This report identifies and reviews a selection of tools and methods used by bilateral, multilateral and non-governmental development agencies to conduct social exclusion and other social approaches to poverty analysis. In recent years, development agencies have grown increasingly dissatisfied with income-only approaches to understanding poverty, and have begun to focus on the role of social factors in shaping development outcomes. As such, there has been growing consensus on the complementarity of economic and social policy in order to achieve development outcomes. In particular, understanding social exclusion has come to be seen as key to ensuring that all poor people benefit from poverty reduction interventions (DFID 2009). While exclusion can occur on economic, social and political levels, allocation of resources and access to goods and services across social groups is often shaped by social relationships and power relationships, which – in turn – affect the distribution structures themselves (Gacitua-Mario et al 2006). These are not dimensions that can be easily captured by quantitative measures. Donors – including DFID, SIDA, GTZ and the World Bank – have thus turned towards new approaches and methods for conducting social analysis of poverty. Some of the main trends include:
- Growing consensus on the multidimensional nature of poverty. This has, in turn, created a need for multidimensional indicators to measure aspects of poverty that cannot be easily captured by income-based data, such as social disadvantage, vulnerability and powerlessness. (Gacitua-Mario and Wodon, 2001). These are intended to complement money-based measures by considering multiple deprivations and their overlaps.
- Increased understanding of the need for mixed-method approaches to analysing poverty. The acknowledgement that traditional economic measures are not adequate indicators on their own to measure poverty has also paved the way for approaches that combine both qualitative and quantitative tools and methods. Most donors strive to incorporate both types of data into their analyses (for example, the World Bank’s Country Social Assessment, SIDA’s Gender Assessment). In many cases this entails drawing upon existing quantitative data and supplementing with newer qualitative data.
- Growing popularity of participatory approaches. The popularity of Participatory Poverty Appraisals (PPAs) undertaken by a range of development actors (Norton et al) has had the knock-on effect that participatory approaches are built into many donor frameworks. For example, the World Bank states that their Social Assessment (SA) and Gender Analysis (GA) methods incorporate participation and social analysis into the project design process. These methods are also carried out in country economic and sector work to establish a broad framework for participation and to identify priority areas for social analysis. In some cases, it has been highlighted that the final analysis is less important than the participatory process involved in generating analytical categories and collecting data.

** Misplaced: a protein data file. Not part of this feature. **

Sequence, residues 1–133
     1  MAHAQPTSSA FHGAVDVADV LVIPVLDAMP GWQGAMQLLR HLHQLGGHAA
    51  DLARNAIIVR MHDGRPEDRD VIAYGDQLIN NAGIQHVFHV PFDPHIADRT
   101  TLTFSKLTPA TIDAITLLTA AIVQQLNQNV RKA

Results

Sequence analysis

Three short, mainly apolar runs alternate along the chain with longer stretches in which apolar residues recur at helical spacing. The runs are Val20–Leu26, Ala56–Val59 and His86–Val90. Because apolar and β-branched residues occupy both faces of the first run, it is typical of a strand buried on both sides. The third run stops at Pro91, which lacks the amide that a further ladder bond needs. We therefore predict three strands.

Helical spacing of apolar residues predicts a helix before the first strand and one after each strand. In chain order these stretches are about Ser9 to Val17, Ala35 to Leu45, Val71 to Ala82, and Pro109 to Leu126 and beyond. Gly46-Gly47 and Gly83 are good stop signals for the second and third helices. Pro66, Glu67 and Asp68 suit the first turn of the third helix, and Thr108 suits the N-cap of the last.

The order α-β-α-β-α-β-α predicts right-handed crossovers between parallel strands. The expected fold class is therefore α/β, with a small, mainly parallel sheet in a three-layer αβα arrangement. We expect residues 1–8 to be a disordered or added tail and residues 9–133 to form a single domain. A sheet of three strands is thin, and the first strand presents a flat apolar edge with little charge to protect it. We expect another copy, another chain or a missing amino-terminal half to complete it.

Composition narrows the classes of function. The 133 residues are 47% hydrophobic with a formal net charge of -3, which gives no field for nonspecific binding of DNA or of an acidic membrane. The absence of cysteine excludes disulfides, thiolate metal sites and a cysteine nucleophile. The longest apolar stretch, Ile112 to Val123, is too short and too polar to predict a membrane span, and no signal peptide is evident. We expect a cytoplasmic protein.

- Acknowledged value of integrated approaches to understanding the varying dimensions of poverty. These include social, political and economic dimensions. Some combine these dimensions within one framework (for example, the World Bank’s Country Social Assessment). Others suggest using a given framework in conjunction with further frameworks that take different approaches. Drawing on multiple frameworks (for example DFID’s GSEA, with Human Rights Assessment, Strategic Conflict Assessment and Country Governance Analysis; or the World Bank’s Country Social Analysis and Gender Assessment) can help shed light on formal and informal power relationships that impact on poverty reduction interventions. Some donors also recommend drawing upon the frameworks developed by other donors where possible.
- A strong emphasis on gender. Gender equality is seen as a core dimension of work by development agencies. Whilst some, like SIDA, pledge to mainstream gender into all areas of work including social analysis (SIDA 2009), others have published detailed guidelines on carrying out standalone gender-responsive social analysis or gender analysis (GA) (DFID 2009, World Bank 2005).
- Need for flexible approaches. Whilst some donors have prepared detailed guidance on carrying out social analysis (for example, DIFD’s Gender and Social Exclusion Analysis), others have produced purposefully general guidance to allow for flexible usage across a range of sectors and countries. Examples of general guidance include UN DESA’s guidance on measuring social integration; SIDAs Multidimensional Poverty Analysis; and the World Bank’s Country Social Analysis and Gender Assessment). Nevertheless, most donors emphasise the need for flexibility in using frameworks. They emphasise that there is no one-size-fits all approach and that indicators must be designed taking into account local country context as well as policy objectives.